After The Flood

After The Flood

As soon
as the idea of the Deluge had subsided,

A hare stopped in the clover and swaying flowerbells,

and said a prayer to the rainbow,

through the spider’s web.

Oh! the precious stones that began to hide,–

and the flowers that already looked around.

In the dirty main street, stalls were set up

and boats were hauled toward the sea,

high tiered as in old prints.

Blood flowed at Blue Beard’s,–

through slaughterhouses, in circuses,

where the windows were blanched by God’s seal.

Blood and milk flowed. Beavers built.

“Mazagrans” smoked in the little bars.

In the big glass house, still dripping,

children in mourning looked

at the marvelous pictures.

A door banged; and in the village square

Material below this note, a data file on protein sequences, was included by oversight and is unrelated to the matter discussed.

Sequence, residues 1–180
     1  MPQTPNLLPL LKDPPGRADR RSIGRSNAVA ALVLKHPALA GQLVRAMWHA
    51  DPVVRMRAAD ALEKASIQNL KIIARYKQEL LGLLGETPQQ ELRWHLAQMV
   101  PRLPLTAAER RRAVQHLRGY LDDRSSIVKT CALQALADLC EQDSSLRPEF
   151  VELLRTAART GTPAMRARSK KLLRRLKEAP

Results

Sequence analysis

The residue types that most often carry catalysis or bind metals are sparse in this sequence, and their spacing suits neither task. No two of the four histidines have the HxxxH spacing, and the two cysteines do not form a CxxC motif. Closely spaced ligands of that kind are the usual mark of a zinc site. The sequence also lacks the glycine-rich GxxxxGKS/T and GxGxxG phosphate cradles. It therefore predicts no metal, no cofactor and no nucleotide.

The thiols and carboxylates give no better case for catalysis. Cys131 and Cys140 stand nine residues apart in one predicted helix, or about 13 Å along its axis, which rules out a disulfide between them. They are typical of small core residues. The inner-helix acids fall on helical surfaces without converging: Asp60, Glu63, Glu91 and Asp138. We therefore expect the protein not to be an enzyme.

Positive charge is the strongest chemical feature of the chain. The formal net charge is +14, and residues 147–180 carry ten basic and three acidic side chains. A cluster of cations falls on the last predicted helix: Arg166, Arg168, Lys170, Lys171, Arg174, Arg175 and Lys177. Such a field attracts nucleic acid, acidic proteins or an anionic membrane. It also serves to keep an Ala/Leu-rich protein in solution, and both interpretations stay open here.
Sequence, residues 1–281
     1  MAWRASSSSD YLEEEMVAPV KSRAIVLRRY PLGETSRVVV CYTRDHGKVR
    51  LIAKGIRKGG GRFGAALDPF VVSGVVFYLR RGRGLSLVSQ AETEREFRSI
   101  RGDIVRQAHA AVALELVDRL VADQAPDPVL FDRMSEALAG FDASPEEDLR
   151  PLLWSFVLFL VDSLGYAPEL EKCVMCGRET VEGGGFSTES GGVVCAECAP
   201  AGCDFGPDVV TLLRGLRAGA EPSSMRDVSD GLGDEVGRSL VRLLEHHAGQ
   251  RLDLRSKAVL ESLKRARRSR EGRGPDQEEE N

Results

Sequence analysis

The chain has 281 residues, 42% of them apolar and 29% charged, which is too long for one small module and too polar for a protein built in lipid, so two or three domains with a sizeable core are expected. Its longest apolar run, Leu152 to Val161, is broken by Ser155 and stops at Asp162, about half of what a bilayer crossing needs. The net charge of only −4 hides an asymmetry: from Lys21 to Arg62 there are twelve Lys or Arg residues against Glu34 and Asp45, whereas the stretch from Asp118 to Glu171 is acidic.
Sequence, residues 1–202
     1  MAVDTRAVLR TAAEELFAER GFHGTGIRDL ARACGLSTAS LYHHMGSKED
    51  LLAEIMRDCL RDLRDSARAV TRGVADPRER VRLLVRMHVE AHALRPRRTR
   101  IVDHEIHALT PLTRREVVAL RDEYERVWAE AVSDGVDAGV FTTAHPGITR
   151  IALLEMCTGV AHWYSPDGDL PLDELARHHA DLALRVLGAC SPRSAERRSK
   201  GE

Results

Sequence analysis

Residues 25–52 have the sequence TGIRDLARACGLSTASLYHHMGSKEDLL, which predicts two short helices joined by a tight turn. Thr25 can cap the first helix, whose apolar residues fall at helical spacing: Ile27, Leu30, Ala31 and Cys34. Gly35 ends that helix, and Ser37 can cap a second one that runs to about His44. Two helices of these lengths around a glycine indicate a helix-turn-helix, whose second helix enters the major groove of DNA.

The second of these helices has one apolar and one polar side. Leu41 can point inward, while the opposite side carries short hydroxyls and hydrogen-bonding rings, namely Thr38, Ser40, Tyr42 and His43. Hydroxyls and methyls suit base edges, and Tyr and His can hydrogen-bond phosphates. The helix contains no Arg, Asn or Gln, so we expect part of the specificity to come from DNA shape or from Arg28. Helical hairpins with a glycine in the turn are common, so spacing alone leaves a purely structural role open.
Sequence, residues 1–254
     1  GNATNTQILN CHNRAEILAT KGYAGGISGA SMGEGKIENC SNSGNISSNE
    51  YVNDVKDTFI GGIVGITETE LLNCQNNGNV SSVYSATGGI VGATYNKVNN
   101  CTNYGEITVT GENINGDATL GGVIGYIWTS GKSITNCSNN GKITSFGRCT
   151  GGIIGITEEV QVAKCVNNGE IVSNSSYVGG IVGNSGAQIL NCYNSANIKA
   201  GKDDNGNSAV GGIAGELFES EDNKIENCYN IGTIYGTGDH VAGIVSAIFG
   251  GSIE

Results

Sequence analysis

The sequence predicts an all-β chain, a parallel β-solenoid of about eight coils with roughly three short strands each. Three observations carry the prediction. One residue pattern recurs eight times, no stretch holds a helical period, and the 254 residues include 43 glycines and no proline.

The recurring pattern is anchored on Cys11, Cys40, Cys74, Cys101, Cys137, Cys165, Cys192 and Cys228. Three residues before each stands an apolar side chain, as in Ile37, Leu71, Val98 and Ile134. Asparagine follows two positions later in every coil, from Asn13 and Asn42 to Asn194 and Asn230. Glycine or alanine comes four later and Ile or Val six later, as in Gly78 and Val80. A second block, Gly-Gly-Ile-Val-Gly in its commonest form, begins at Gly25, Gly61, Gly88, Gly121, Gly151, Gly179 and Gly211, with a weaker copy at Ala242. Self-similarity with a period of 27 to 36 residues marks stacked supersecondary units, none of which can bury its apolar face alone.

the little boy waved his arms,

understood by weather vanes

and cocks on steeples everywhere,

in the bursting shower.

Madame *** installed a piano in the Alps.

Mass and first communions were celebrated

at the hundred thousand altars of the cathedral.

Caravans set out. And Hotel Splendid was built

in the chaos of ice and of the polar night.

Ever after the moon heard jackals howling

across the deserts of thyme,

and eclogues in wooden shoes growling in the orchard.

Then in the violet and budding forest,

Eucharis told me it was spring.

Gush, pond,– Foam, roll on the bridge and over the woods;–

black palls and organs, lightening and thunder, rise and roll;–

waters and sorrows rise and launch the Floods again.

For since they have been dissipated–

oh! the precious stones being buried and the opened flowers!–

it’s unbearable! and the Queen, the Witch who lights her fire

in the earthen pot will never tell us what she knows,

and what we do not know.